The sound editors look for a balance in the sound of a film when they vote the nominations for that category, says soundman Tex Ruddoff, a member of the Academy board of governors. "You don't want the sound to be grating or to be too loud. It's got to have the right mix, and if there is a loud sound it has to be there for a purpose."
The art direction award usually goes to two people, the art director and the set decorator. The art director selects and designs the sets -- both for outdooer and soundstage scenes -- and is responsible for their authenticity and their meshing with the mood of the scene. The decorator supplies the furnishings for a set, and makes sure a 1955 Buick doesn't sneak into a street scene set in the 1970s. Good art direction means that the audience is unaware that the scene is in a soundstage, particularly if the action has just moved from an outdoor setting.
There is always a mild controversy about whether the studios try to influence the voting of the Academy members. Between the nominations and the awards ceremony, the studios flood the trade papers and the Los Angeles Times with expensive ads touring their nominated features and personalities. Most observers seem to agree that the main effect is to keep the pictures in the minds of the voters, but not to influence their voting. There is some politicking during special screenings for the filsm, and one member of the board of governors commented that "Fox and Universal will do almost anything to get an Oscar," but the consensus seems to be that the voting stays relatively independent.
The acting Oscars, although generally revered by those who receive them, are not usually the objects of a competition. some actors will select film roles witht eh thought of an Oscar nomination uppermost in their intentions -- particularly if they have not been previously nominated over a long career -- and some have openly campaigned for the award, placing ads in the trade papers and personally wooing academy members.
The most flagrant example of the latter was Chill Wills, nominated for best supporting actor in "The alamo" (1961). Wills took out ads in the trades that opened with "Dear Cousin" and proceeded to ask fellow Academy members to essentially, vote for him. "The best part about that whole deal," says one member, "was opening the paper one day and seeing an ad that read 'Dear Chill: I'm delighted to be your cousin, but I'm voting for Sal Mineio [also a nominee] .' It was signed by Groucho Marx." Neither Mineo nor Wills made that final trip to the stage. Peter Ustinov won for "Spartacus."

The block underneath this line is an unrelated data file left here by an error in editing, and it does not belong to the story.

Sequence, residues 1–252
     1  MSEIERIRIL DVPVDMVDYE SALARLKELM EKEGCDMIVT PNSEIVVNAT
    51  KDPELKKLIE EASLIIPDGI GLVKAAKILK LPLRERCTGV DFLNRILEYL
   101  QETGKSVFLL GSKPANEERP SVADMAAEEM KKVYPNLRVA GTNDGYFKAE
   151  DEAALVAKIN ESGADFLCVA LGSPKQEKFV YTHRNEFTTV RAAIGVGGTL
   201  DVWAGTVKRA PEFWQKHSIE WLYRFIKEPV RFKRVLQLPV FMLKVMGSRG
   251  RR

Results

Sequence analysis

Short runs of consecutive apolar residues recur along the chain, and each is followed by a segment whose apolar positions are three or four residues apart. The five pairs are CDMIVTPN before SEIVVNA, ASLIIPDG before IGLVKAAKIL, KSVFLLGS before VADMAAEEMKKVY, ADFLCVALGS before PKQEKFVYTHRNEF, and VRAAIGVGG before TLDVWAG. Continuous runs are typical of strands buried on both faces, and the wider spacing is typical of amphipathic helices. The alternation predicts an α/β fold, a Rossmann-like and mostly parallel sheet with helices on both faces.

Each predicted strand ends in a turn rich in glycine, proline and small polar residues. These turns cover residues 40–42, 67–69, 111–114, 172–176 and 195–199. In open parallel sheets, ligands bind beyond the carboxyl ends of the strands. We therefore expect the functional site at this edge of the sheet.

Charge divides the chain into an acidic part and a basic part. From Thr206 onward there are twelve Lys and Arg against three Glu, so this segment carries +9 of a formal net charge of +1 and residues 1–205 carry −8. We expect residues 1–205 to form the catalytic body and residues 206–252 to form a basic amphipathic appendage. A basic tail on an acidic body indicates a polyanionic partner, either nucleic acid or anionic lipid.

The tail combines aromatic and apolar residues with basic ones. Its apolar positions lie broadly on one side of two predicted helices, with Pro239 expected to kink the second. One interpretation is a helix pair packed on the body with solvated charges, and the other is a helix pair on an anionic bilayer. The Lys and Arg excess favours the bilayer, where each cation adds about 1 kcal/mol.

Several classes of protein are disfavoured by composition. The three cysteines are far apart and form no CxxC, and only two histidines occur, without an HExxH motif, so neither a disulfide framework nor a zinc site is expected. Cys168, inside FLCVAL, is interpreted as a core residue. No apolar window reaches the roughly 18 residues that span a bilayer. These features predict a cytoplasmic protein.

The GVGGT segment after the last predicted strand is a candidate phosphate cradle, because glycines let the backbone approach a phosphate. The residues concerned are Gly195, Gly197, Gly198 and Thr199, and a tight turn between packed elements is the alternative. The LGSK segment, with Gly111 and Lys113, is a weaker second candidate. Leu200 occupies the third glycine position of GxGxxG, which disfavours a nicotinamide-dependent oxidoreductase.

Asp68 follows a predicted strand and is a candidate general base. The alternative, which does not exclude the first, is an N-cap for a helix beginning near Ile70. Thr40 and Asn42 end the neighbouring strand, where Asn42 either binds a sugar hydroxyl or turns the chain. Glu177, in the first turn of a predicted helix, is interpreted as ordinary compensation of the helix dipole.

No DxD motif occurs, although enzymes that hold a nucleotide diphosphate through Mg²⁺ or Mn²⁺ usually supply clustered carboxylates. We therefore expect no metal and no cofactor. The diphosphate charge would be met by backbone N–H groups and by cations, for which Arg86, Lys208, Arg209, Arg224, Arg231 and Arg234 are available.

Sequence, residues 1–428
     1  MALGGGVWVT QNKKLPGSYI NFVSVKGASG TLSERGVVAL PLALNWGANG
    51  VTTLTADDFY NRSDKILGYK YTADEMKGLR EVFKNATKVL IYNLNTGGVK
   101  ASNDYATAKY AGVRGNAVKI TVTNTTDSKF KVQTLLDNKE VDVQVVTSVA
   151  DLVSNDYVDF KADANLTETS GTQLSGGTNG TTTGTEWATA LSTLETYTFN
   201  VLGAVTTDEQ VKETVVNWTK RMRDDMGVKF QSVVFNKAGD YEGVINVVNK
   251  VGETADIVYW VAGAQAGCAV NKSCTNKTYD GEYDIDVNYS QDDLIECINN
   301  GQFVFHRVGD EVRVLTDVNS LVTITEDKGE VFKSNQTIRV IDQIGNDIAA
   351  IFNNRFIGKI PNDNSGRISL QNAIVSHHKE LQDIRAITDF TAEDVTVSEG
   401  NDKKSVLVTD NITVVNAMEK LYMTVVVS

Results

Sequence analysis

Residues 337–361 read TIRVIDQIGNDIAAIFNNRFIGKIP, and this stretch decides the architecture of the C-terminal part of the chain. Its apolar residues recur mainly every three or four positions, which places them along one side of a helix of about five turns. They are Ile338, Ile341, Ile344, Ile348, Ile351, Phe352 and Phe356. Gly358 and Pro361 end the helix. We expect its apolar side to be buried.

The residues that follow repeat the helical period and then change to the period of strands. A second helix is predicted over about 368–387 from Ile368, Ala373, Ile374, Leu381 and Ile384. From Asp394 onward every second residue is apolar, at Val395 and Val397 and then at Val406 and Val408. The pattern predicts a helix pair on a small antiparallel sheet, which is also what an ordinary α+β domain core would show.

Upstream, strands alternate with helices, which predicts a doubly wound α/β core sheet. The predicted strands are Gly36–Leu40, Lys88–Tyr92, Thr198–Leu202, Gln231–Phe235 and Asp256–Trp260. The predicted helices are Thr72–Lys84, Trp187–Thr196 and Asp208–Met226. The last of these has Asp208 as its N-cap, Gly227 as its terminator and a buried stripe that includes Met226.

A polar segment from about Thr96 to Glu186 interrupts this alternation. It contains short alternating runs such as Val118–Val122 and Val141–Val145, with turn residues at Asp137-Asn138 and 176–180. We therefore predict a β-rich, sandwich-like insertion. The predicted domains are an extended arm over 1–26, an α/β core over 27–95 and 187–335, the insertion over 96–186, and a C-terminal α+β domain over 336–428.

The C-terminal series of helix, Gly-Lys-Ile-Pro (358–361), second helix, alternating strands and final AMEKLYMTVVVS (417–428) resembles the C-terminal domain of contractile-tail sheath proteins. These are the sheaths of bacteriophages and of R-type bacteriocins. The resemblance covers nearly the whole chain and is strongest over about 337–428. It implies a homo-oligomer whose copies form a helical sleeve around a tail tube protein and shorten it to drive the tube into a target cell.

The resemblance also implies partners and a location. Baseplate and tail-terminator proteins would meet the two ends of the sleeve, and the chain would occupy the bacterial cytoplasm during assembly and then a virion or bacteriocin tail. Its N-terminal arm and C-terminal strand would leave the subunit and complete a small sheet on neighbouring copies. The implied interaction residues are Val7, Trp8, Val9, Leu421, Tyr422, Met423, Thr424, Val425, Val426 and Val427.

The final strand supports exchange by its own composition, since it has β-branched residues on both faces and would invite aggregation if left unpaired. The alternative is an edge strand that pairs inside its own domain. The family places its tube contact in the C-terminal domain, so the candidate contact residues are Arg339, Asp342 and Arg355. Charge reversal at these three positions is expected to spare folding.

Most of the acting community, however, seems to go along with the sentiments of Dustin Hoffman. Speaking after winning Best Actor for "Kramer vs. Kramer" last year, Hoffman said, essentially, that although it was an honor to be chosen for the award, he did not consider acting a competitive profession in the sense of having "beaten" the other nominees. He said that the competitiveness in acting stems from trying to give a better performance each time.
The real tooth-and-nail competition comes over who will present the big awards (Best Actor, Acress, Picture, and Supporting Actor and actress), not who will wim them.
"The main problem for thw show is casting it for the presenters. Eveybody wants to give the best awards," says Mr. Koch. "I'm always getting 'I don't want to give the art direction award' from people. The problem is to find someone viable to give the so-called lesser awards. . . . I have agents coming out of the walls trying to get their clients on. I still get calls.I tell them I'm not doing it this year, and they ask me to put in a good word with Norman [ Jewison, this year's producer]."
Only the master of ceremonies, the singers and dancers, and the technicians get paid for doing the show, but it is not unusual for an acress to ask the producer to buy her a dress in return for presenting an award. "Those dresses can cost up to $3,000," Mr. Koch says.
"And, you know, even though we give the presenters very specific instructions for one to move offstage left and the other stage right when the winner comes onstage, some of them always position themselves to be seen over the shoulder of the winner while he or she makes the acceptance speech," mr. Koch says. "It's a never-ending battle.
"It's not the only battle. Every year, somehow, despite a security force that resembles the Rocky mountains, people manage to crash both the auditorium and the backstage area.
"We hire these huge, beefy policement for security," one Academy official said, "but the problem is that they get so enamored with being backstage and seeing all the stars --'Hey, there's Bob Hope!' -- that they don't always pay attention to making sure only the people with passes are there."
Obviously, somebody was not paying too close attention in 1974 when a streaker ran across the stage.It took everything director Pasetta had to reveal the streaker from the waist up only, and it took remarkable with for the presenter David Niven to produce an ad lib line -- something about the streaker's shortcomings -- to shrug off the episode and keep the show rolling. (Not so ad lib, actually. Niven had the foresight to prepare a few ad libs for unexpected happenings, streakers included.)
Then there was the young man who stormed into Academy publicist Art Sarno's office. It seems he was unhappy about the quality of the publicity photos of home in the final stage number. The one where he was standing next to Liza Minnelli. Was he a dancer, asked, r. Sarno. Well, no, not exactly answered the young man. Then who was he and why was he onstage next to Liza Minnelli" Turns out the young man had "borrowed" someone else's credit card, rented a $300 tux, and crashed the backstage area (how, remains a mystery). All that aside, however, he wanted Mr. Sarno to order some new photos for him.